Is bigger really better? Well, the short answer is no. Especially for top-heavy girls who suffer regularly from backaches and unwanted stares.
Let's not even mention about exercising with that double D. I've had classmates who complained about finding it difficult to run or be agile during physical education classes. Instead of being proud of their assets, they find them a burden.
Japanese company Grand Bleu’s Hadakakushi has designed the Petamune Maker, which translate to "flat breasts".
Before you ask the pertinent question, 'but why?', the breast-flattening bra was essentially made for cosplayers who want to cross-dress as their favourite male character.
It can also be used by girls who have trouble finding clothes to fit, or as a sports bra for better support during a workout.
Chesty girls can now reduce their cup size aesthetically without going under the knife or feeling suffocated from binding their breasts. We're not sure if it would alleviate that backache though.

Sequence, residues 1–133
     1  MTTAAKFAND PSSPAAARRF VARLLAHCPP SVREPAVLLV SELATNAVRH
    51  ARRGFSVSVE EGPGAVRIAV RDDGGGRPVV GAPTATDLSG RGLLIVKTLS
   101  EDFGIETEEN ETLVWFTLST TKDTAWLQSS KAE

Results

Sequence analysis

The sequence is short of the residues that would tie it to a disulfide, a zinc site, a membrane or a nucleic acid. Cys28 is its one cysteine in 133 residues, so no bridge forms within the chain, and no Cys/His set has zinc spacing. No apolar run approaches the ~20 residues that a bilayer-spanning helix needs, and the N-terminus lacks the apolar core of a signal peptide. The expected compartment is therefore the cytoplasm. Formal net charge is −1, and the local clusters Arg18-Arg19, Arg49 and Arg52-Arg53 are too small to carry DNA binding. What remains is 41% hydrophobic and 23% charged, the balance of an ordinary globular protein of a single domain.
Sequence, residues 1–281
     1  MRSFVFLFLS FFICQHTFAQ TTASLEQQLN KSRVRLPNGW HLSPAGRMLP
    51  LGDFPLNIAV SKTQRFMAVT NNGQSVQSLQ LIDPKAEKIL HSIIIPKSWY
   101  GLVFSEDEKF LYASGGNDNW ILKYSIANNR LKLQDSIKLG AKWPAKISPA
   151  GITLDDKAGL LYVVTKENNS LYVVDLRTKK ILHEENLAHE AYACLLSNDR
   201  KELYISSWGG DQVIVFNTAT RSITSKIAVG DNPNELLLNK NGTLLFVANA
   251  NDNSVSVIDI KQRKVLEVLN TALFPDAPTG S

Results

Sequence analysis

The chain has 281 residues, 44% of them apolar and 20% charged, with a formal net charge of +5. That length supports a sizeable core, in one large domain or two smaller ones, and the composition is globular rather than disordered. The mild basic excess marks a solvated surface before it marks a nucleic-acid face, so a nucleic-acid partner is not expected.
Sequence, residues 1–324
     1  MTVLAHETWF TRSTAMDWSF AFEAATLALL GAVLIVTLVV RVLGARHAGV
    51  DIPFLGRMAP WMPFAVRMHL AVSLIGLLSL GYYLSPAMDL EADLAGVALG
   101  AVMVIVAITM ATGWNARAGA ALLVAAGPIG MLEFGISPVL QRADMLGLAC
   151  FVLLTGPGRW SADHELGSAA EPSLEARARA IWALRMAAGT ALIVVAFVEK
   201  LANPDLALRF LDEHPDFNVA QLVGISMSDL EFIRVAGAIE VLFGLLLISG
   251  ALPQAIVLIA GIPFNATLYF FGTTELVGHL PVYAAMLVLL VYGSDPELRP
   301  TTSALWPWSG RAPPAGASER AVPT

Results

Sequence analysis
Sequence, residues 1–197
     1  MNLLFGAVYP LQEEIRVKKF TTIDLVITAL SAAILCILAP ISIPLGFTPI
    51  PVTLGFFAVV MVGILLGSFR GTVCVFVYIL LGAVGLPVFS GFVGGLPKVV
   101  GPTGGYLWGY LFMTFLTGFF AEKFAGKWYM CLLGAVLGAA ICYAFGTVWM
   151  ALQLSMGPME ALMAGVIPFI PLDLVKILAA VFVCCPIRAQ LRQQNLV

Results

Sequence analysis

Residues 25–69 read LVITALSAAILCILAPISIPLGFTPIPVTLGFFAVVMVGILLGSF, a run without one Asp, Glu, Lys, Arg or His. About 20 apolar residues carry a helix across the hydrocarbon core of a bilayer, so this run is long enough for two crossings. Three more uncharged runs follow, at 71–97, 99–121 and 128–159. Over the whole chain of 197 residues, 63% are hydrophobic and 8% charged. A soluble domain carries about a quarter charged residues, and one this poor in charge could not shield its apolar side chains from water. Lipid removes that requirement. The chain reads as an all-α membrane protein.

One downside of the Petamune Maker is that you're choosing comfort over style — it doesn't look sexy, and they look like granny bras. But hey, aren't granny panties all the rage? Make it a matching set! Anyway, who has to know what you're wearing under your outfit, as long as they provide comfort and make you feel confident.
The design also resembles training bras, somewhat a rite of passage girls go through before becoming a woman. The material is stretchy, the shoulder straps are thick, and the bra cups are made with breathable mesh for ventilation.
By the looks of it, it'll give maximum support, so it's unlikely to find unsightly spills from the sides or top of the bra. If you're looking for a t-shirt bra, this one looks rather promising.
The company also claims the bra will reduce breasts in cup-sized B and H to become "almost entirely flat", which can be seen on the before and after images.
If you're still unconvinced about how effective the Petamune Maker is, Japanese Twitter user @shiomi333871 shared a photo of her showing the difference in cups sizes after trying the bra out.
She mentioned that the bra will set you back about 5,000 yen (S$66.63), but most importantly it "doesn't hurt, and it doesn't slip."
A quick check on its website shows that it costs 3,036 yen, which is still slightly pricier as compared to a regular bra from Uniqlo that cost less than half of the price of the Petamune Maker.
Would you get this bra?